5.1. Selection of the Operation Target Area
The area around Chofu City, Tokyo Metropolis was selected as the target area for the system operation. The reason for this is that there are various sightseeing spots scattered about in different places throughout the city, and many sightseeing spots can be visited on foot as the whole city is mostly flat.
The system was assumed to be utilized by both people who are familiar with the operation target area and can create sightseeing plans, and people who are not so familiar with the area but desire to sightsee and share as well as purchase sightseeing plans created by other users. The former will create sightseeing records using the function of sightseeing plan creating, and gather new sightseeing information using the function of sightseeing plan sharing. On the other hand, the latter will use the function of sightseeing plan sharing to share and purchase sightseeing plans from other experienced travelers which can reduce the burden of creating sightseeing plans.
5.2. Data Gathering of Sightseeing Spots
In order to utilize the system functions immediately after the start of the operation, the data concerning sightseeing spots must be gathered beforehand. Regarding the data concerning sightseeing spots for the system, information of a total of 87 sightseeing spots within Chofu City that were listed and evaluated in the tourism category of the travel review site of 4travel.jp  , was gathered.
5.3. Operation Results
The system operation was conducted for a period of 2 weeks with people inside and outside the operation target area as subjects. The authors promoted the utilization of the system through the website, Twitter, Instagram and Facebook of their lab.
Table 2 shows the system users. There were a total of 51 users with many in their 20s. 49% were in their 20s, 18% were in their 30s, 16% were in their 60s and over, 10% were in their 40s, 7% were in their 50s. This shows that the system was utilized by a wide range of age groups. Additionally, only 27% lived in Chofu City, while 41% lived in Tokyo Metropolis, and 32% lived in the Tokyo Metropolitan Area. Therefore, it can be said that over 70% of system users had no sense of locality concerning Chofu City and were not familiar with the sightseeing spots.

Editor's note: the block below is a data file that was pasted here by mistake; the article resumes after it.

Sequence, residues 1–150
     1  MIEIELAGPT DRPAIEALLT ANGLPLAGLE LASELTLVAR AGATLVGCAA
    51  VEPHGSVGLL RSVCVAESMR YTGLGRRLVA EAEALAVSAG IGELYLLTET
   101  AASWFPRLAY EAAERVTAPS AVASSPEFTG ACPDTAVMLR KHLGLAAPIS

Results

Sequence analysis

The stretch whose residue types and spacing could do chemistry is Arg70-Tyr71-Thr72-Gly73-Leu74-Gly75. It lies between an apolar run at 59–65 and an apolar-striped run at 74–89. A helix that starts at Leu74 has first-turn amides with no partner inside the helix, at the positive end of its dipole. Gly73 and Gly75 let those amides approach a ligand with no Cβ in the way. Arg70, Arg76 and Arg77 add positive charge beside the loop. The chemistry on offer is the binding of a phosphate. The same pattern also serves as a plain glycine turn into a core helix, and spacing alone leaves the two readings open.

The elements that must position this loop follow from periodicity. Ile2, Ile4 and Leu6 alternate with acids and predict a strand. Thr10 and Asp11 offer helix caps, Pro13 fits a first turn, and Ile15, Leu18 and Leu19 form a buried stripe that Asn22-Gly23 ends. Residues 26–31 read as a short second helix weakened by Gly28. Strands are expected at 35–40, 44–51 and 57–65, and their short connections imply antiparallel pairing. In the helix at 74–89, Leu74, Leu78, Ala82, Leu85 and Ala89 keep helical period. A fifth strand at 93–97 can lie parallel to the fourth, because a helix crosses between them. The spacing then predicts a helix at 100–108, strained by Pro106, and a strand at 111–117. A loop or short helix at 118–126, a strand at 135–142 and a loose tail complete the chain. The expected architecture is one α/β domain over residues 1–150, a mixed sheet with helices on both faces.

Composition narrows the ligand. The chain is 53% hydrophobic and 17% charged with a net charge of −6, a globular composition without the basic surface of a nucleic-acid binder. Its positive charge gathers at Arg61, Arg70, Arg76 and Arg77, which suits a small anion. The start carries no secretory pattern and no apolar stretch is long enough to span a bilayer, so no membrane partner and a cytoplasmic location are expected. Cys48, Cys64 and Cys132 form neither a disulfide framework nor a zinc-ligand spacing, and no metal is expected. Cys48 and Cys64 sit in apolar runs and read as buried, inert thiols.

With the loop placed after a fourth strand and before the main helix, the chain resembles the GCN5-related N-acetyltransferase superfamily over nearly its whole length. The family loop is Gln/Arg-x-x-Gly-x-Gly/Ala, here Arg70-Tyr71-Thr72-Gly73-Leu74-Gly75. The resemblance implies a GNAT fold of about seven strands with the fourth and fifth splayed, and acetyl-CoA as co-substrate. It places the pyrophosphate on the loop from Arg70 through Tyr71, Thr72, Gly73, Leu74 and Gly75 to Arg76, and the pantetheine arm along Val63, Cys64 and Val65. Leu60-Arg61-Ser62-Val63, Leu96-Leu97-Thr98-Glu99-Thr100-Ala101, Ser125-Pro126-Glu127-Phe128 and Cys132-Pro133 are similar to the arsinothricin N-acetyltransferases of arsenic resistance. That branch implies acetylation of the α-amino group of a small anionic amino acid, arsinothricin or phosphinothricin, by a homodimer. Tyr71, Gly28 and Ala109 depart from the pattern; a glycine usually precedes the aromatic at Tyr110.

There were 17 sightseeing plans created during the operation period. Figure 4 and Figure 8 show examples of the sightseeing plans created by users. Additionally, there were 30 new sightseeing spots registered during the operation period. Table 3 shows the breakdown of registered sightseeing spots according to category. Table 3 suggests that the creation of new sightseeing plans and the registration of new sightseeing spots by users can be anticipated by operating the system for an extended period.
After the end of the operation, a questionnaire survey for users and an access log analysis were conducted to evaluate the system.
6.1. Evaluation Based on the Questionnaire Survey
6.1.1. Overview of the Questionnaire Survey
According to the purpose of the present study, a questionnaire survey was conducted to 1) evaluate the system utilization, 2) evaluate the operability of each function, and 3) evaluate the usefulness of the main functions and the overall system. The survey was conducted on the website 1 week after the start of the operation. Table 2 also shows the overview of the questionnaire survey. As indicated in Table 2, all 51 users responded making the valid response rate 100%.
Table 2. Breakdown of system users and questionnaire survey respondents.
Table 3. Breakdown of the number of registered sightseeing spots according to category.
6.1.2. Evaluation of the System Utilization
All users of the system use the internet every day. Additionally, regarding the methods to obtain sightseeing information (multiple answers allowed), 92% were smartphones, 80% were PCs, and 43% were guidebooks. Social media was not used as much, as the use of Twitter, Instagram and Facebook were 17%, 12% and 12% respectively. 4% of users used review sites. From this, while information was gathered using printed media such as guidebooks as well as review sites, many users gathered sightseeing information using the internet from their PCs and smartphones. Additionally, it cannot be ignored that various kinds of social media were used as methods to gather sightseeing information. From the above, it was evident that the system is effective in supporting sightseeing, as sight-seeing information can be gathered online using PCs and mobile information terminals.
6.1.3. Evaluation of the Operability of Each Function
Figure 11 shows the evaluation results of the operability of each function. Regarding the operability of the function of user registration and login as the most basic function of the system, 84% responded with “I think so” or “I somewhat think so” which indicates that this function was easy to operate.
Regarding the operability of the function of sightseeing plan creating, while 51% responded with “I think so” or “I somewhat think so”, 27% responded with “I don’t think so” or “I don’t think so at all”. Accordingly, this function has a higher percentage of negative feedback comparing to other functions. The reason
Figure 11. Evaluation results of the operability of each function.